Summary of Titan
Copyright © 1998 by Ron Chernow
Published by arrangement with The Random House Publishing Group, a division of Random House, Inc.
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John D. Rockefeller Sr. was probably the biggest, baddest robber baron in 19th century America, and also its leading philanthropist. Many writers scorned his ruthlessness, notably Ida Tarbell, who wrote two books on Rockefeller and his company, Standard Oil. Author Ron Chernow digs deeper, through masses of Rockefeller family documents, to present the founder of the Rockefeller dynasty as a “man of flesh and bone and soul.” He covers Rockefeller’s ugly, dramatic and even shameful aspects, while concurrently demonstrating his business acumen and his philanthropic leadership amid a remarkable generation of business barons, including William Randolph Hearst, Jay Gould, William Vanderbilt, Andrew Carnegie and J.P. Morgan. An amazing portrait emerges of an almost invisible, rather megalomaniac ascetic who wanted to fulfill God’s will. He became extremely wealthy, gave millions away, and believed that he brought the benefit of inexpensive oil products to all mankind. getAbstract highly recommends this multifaceted biography.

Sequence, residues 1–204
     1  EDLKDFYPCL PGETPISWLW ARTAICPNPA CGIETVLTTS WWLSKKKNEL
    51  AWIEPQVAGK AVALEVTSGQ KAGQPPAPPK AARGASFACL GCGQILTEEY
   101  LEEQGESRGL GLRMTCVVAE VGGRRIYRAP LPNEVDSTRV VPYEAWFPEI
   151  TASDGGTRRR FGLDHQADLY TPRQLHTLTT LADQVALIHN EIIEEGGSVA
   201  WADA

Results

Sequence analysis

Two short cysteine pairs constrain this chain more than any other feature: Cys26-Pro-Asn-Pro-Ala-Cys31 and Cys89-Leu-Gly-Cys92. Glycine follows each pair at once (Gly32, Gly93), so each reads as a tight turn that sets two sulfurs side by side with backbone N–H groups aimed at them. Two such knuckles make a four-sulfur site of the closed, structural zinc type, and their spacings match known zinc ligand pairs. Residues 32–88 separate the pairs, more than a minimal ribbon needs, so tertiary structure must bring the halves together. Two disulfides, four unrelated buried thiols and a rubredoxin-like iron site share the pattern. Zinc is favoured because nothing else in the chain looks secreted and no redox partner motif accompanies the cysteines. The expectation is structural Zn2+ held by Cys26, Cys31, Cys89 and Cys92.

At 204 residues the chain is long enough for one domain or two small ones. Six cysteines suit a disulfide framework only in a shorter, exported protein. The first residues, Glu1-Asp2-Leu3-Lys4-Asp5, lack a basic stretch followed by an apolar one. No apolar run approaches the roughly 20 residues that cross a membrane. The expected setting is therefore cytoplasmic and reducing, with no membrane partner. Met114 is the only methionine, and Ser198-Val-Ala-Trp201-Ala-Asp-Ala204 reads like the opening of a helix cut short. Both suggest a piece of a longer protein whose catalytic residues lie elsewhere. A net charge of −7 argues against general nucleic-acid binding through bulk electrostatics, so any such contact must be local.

In this summary, you will learn
- How a poor boy, John D. Rockefeller, became a young entrepreneur;
- How he established Standard Oil and prospered by buying out his competitors; and
- How his work ethic and faith brought him wealth and made him a major philanthropist.
About the Author
Historian Ron Chernow won the National Book Award for his first book, The House of Morgan, and received the Eccles Prize as the Best Business Book of 1993 for his second book, The Warburgs.
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